Early in 1983 Clyde and Ali got married. They moved to Somerset a few months later when Clyde got a job with Thorn EMI. At about the same time Bill decided to return to Edinburgh, his home city. Clyde had joined Thorn EMI as a Quality Assurance (QA) Engineer but, when a planned project was delayed, he was assigned to another project known as ASR894 (ASR= Air Staff Requirement). For sensible reasons the scheme was known as ADLBS (short for Air Defence Ground Environment Data Link Buffer System). In July 85 Clyde was to gain experience of Unst for the first time when he was sent to perform a QA assessment on the recently installed ADLBS System at Saxa Vord.
He was scheduled to fly from Heathrow to Edinburgh and then transfer to a Loganair Flight to Shetland (a Shorts 330 to Tingwall and then an Islander on to Baltasound) As many of you will know airline schedules are not always dependable. The flight was late leaving Heathrow, Clyde missed his Loganair connection and had an unexpected night-stop in Edinburgh. He managed to get in touch with Bill by phone and it was only in conversation during that night out that Clyde discovered that Saxa was the place that Bill had referred to years earlier.  On completion of this trip to Unst Clyde returned to Thorn EMI and soon was reallocated to a new post:

" In 1986 I left the QA department and became the manager of the contract that had, by then, come into force for the support of the ADLBS (still at Thorn EMI).  I was therefore in charge of the task to replace the Link antenna / tower that had collapsed during the infamous storm of 1992 – although I wasn't part of the on-site team.  We had to get a new tower manufactured and used a spare Link 11 antenna for the replacement activity; meanwhile the antenna that had collapsed was returned to Somerset for refurbishment by the original manufacturer.  The Link 11 antennas don't look that big when they are up on the towers but they are over 9m long and weigh over 500 kg!"
 

 

It was a number of years before Clyde returned to Saxa:  "My next visit to Saxa Vord was in 2005, when I was part of the on-site team installing and commissioning an update to the processing equipment used in the ADLBS.  I still remember walking up the 278 steps between the top and middle sites on a daily basis!"  Fortunately, he had a camera with him and he took the following sequence of photos on that trip:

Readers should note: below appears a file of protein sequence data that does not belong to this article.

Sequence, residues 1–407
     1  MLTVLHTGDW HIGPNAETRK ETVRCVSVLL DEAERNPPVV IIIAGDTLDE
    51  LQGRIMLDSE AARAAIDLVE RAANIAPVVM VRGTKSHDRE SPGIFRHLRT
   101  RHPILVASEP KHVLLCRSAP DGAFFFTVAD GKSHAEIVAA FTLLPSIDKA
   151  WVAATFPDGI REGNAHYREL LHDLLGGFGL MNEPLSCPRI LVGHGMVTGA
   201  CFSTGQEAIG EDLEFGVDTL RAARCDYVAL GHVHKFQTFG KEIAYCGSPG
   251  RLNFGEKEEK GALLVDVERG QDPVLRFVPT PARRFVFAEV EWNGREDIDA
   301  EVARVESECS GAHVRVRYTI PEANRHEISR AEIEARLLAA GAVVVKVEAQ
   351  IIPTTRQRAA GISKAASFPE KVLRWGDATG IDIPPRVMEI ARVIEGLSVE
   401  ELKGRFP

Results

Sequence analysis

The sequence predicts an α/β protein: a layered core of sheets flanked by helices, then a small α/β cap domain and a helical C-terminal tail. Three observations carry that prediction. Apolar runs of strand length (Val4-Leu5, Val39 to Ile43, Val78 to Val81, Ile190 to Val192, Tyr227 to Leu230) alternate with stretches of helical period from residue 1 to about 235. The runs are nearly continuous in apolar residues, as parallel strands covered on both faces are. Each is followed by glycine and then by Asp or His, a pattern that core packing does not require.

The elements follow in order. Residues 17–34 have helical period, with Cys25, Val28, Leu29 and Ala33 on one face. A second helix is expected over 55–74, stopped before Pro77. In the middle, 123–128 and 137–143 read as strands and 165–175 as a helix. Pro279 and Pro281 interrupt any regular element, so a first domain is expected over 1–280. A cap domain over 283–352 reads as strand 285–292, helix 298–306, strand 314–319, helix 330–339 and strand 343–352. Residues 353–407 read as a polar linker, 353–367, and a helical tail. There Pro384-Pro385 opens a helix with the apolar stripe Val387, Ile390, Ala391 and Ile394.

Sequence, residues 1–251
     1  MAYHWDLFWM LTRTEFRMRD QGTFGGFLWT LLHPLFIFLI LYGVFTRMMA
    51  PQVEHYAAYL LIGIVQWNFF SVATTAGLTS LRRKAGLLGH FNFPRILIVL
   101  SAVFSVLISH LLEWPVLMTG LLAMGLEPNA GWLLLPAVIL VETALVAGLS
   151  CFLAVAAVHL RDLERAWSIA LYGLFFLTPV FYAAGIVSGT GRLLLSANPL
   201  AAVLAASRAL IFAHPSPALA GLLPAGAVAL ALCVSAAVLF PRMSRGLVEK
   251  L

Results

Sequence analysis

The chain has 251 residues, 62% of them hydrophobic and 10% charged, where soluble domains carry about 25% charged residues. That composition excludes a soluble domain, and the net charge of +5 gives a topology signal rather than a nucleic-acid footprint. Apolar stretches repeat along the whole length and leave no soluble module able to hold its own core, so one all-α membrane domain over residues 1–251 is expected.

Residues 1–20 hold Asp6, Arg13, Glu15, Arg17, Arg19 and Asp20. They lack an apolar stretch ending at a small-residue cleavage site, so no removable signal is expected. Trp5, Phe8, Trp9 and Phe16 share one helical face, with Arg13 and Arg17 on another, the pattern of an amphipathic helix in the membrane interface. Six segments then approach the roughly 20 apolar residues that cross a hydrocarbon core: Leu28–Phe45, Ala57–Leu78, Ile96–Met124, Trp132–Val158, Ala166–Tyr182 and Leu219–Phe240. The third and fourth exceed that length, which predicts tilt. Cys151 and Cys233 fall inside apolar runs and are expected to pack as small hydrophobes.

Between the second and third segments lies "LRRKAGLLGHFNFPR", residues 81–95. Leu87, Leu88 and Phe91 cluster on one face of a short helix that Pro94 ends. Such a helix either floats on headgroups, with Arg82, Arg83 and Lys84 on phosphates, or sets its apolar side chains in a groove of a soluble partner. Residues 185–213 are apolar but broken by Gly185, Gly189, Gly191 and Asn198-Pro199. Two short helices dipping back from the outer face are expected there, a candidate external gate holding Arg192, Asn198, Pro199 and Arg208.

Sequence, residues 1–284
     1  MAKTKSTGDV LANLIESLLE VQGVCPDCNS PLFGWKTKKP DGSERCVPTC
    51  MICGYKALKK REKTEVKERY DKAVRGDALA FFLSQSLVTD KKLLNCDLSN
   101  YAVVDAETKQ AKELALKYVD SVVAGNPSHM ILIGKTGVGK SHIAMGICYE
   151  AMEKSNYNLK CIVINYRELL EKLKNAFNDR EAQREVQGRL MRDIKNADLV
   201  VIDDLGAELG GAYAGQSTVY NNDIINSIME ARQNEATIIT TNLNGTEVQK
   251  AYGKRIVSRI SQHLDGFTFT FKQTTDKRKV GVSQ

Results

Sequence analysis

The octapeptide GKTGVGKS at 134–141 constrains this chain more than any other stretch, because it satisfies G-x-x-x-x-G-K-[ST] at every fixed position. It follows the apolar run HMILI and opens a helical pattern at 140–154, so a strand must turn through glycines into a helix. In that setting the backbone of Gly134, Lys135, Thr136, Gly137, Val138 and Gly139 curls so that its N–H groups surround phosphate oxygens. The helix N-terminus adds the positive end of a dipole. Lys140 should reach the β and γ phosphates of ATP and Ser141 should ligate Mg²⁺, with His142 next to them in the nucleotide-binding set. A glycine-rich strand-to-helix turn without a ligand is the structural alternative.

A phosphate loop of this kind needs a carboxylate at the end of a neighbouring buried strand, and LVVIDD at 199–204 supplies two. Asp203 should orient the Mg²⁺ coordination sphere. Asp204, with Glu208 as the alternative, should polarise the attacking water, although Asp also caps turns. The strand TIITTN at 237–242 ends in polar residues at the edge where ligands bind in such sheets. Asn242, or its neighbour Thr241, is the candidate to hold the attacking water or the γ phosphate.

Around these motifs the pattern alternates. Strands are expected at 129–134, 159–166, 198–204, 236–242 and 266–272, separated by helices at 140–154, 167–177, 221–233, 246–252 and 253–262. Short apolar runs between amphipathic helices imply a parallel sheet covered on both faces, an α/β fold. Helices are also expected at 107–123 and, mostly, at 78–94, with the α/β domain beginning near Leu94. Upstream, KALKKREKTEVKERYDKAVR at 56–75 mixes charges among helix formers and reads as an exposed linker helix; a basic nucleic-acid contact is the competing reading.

The final picture in this group shows the Type 93 Dome and was taken between 29 Mar and 8 Apr 2005. The significance of this is that the photo will be among the last taken of Saxa when there was actually an operational radar on site. The Type 93 was dismantled and left Unst in the autumn of 2005.
 

Clyde returned to Saxa Vord in 2011 and , in his own words, "Sadly, in 2011 I was part of the team to switch off the ADLBS at Saxa Vord for the last time, remove all the electronic equipment, racks and console and drive it all back to Somerset for repair / test, so that it could be used as spares for the remaining ADLBS sites (by then Buchan, Boulmer and Neatishead)".  Luckily, Clyde had a camera with him on this visit too. 

In June 2012 the Operations Site (Mid Site) at Saxa was auctioned, with the RAF retaining the Radar (or Heads) Site. However, preparations for the auction were made well in advance and, by the time of Clyde's visit in 2011, a new chain-link fence had been constructed to separate the Heads Site from the Ops Site. Amongst other things this necessitated the dismantling part of some of the covered walkway between the two sites. Evidence of this change can be seen in the following photos:



The next photo has what looks like the old Type 13 plinth in the foreground (if I'm wrong I would be very happy to be corrected!)

The building in the next picture is much more modern and I'm sure it was used in a ground defence role:

The empty Type 93 dome can be seen in the background of this next photo but my particular interest is with the low structure in the foreground, which looks as if it has been made from locally manufactured blocks. It looks old & it may well have been intended for a different purpose when it was originally put together - if anyone knows its history I would be very pleased to hear from them.

One object, which was in situ long before the first RAF servicemen were on site, was the trig point. It became a familiar sight to many, especially in the days when the mast alongside was the home for an anemometer.
 


All UK Ordnance Survey Trig Points are individually numbered and the one on top of Saxa Vord is no exception:


 
In 2014 Clyde was made redundant ."By then, Thorn EMI had gone through several incarnations as Racal then Thomson-Racal then finally Thales - but when I left I was still in charge of the ADLBS support contract, having been associated with the project continuously for the 31 years of my employment there. "
Clyde's wife, Ali, had often said she would like to visit Unst and the two of them finally travelled north in Sep 2016 and took this last, long range photo of the Saxa top site:
 Clyde and Bill Borthwick lost contact for about 30 years.  However, during their visit to Unst, Clyde & Ali were amazed to see a photo of Bill and of his band, The Hustlers, taken by Denis Coutts in 1964.  Knowing the name of Bill's band was then the key to them finding this blog and the information on Bill.  Clyde & Bill have now re-established contact.
My thanks to Clyde for allowing us to share some of his memories & pictures.